I will say this: I spent my first Thanksgiving without a blood relative this year. I didn't have much of a shared history with anyone there; so, as much as I love them, and as nice as it was, it wasn't the same.

So, despite the fact that I don't know much about some family members, I'm going to keep up the ritual of getting together a couple times a year for as long as I can. I like rituals, they are predictable and they make me feel safe. Besides - despite the fact that I can't logically explain the warmth I feel towards these people, it is nice so who really cares? And it could be worse. Much. Much. Worse. I've heard about worse, and I'll take my chances with my own family, thanks.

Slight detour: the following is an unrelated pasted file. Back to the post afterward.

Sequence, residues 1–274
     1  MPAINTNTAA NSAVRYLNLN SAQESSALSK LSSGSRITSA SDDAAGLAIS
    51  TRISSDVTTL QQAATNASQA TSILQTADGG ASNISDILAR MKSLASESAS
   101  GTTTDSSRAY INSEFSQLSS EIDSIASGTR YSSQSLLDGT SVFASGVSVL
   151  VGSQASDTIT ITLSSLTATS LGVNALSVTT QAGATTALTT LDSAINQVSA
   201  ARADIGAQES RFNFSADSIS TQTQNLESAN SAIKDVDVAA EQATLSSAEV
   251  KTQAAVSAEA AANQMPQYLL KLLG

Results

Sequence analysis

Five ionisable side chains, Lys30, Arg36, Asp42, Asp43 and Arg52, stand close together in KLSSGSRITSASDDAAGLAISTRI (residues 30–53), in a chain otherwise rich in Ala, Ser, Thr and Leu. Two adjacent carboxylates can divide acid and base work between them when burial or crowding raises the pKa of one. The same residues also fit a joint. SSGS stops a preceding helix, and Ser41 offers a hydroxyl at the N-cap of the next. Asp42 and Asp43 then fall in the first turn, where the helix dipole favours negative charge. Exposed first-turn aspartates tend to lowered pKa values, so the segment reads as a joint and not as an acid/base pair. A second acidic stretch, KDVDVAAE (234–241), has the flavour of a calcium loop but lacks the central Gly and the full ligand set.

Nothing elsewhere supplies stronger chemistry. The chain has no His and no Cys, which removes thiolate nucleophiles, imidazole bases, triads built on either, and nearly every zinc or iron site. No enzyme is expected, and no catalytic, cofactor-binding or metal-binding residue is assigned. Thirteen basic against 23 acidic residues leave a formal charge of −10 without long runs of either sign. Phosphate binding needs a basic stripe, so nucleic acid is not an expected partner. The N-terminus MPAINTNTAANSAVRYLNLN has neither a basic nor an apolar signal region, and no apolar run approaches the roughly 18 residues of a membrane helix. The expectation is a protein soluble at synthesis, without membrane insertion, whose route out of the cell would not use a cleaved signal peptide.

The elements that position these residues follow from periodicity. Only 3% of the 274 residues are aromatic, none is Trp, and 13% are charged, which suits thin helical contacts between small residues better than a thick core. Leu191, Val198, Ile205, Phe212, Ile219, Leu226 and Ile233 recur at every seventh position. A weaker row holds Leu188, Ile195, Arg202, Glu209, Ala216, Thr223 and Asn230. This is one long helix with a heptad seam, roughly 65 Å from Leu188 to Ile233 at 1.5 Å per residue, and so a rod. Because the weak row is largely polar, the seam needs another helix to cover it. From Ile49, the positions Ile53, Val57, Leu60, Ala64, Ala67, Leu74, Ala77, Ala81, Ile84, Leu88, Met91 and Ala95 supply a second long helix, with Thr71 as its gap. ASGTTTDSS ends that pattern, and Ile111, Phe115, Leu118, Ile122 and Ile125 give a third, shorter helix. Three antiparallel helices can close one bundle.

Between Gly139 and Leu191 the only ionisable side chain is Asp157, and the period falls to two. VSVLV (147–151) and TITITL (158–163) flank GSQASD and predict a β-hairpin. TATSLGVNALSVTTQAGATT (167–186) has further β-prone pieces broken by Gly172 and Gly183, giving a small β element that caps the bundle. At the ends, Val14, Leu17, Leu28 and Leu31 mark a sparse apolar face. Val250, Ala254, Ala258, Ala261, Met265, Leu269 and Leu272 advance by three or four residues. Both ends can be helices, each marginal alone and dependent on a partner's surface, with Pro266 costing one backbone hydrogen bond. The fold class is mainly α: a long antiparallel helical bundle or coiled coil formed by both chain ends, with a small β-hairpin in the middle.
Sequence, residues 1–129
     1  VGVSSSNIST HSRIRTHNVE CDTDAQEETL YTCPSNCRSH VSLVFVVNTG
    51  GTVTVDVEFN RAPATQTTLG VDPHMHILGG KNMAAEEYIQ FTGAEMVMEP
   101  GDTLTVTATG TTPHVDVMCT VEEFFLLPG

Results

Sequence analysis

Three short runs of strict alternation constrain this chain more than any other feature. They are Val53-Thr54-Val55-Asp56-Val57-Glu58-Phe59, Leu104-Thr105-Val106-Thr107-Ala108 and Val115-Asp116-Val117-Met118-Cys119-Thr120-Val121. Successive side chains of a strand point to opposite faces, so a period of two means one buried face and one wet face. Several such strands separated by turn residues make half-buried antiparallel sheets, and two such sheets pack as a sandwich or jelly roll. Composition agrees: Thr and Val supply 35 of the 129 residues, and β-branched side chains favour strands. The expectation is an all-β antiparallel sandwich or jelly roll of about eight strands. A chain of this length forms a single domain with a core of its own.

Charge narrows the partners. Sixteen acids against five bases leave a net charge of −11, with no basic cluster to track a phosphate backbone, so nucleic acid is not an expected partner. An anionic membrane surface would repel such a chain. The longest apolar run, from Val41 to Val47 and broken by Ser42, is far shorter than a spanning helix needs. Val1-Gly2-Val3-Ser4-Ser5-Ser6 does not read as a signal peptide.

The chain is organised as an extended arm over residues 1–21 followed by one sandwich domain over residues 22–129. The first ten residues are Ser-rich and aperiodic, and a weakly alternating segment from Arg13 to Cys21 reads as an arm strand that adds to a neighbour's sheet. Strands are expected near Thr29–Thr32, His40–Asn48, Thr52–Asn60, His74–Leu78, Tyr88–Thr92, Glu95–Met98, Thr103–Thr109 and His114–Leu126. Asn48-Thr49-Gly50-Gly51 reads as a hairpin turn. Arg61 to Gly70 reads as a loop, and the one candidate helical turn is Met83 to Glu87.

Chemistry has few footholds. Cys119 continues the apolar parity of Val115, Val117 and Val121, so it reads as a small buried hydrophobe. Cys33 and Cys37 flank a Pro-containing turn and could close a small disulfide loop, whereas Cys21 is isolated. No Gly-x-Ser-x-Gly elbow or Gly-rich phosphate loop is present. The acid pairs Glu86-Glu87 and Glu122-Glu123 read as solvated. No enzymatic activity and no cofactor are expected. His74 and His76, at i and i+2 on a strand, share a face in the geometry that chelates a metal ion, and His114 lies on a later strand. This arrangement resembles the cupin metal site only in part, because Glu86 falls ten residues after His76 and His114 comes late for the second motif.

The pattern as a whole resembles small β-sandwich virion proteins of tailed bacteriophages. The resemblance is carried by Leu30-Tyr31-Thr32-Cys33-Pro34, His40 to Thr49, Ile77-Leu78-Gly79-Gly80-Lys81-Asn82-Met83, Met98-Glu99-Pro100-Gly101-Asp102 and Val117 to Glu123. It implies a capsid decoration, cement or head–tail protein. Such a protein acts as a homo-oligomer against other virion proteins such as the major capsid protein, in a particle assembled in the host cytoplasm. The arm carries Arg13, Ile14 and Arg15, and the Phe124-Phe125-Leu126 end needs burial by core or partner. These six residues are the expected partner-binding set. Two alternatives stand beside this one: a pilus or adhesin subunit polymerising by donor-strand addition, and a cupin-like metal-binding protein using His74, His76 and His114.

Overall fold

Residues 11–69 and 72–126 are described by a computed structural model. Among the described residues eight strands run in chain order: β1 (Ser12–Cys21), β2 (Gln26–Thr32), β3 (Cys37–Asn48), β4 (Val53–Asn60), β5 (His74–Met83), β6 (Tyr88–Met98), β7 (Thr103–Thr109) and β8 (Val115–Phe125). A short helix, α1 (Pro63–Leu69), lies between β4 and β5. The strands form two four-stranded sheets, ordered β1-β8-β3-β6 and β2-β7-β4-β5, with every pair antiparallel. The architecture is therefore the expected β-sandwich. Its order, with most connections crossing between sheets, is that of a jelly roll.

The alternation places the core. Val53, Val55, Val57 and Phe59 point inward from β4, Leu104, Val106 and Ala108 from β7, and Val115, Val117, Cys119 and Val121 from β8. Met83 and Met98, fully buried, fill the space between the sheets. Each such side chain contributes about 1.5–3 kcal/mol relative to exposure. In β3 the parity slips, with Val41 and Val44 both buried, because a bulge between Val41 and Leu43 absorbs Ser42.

So, bring on the perogies, and I'm sorry if the eggnog sucks this year.

Wednesday, December 22, 2010

Northeast For The Holidays

I've been slacking, as in slacking off on seeing people since I've been home. It's not that I don't want to see people, I do; this time of year, being home alone while mom is at work, and the chaos puts me in a droopy mood.

I am glad to be home though. It's so important to me that I'm getting to see my mom, Grandma, and Uncle Dave. I'll see the Georgiades clan on Friday evening, as per usual holiday plans. We pack the car up, and head on out to my Uncle Rob's house for a tall tree, fireplace, and more food than any human being should eat in one evening. I'm making egg nog again, as usual. I wonder if Mom has reminded Dave that he is invited? This year I think I'll make some cookies while I'm home: some to bring to Christmas Eve, some to give away to friends.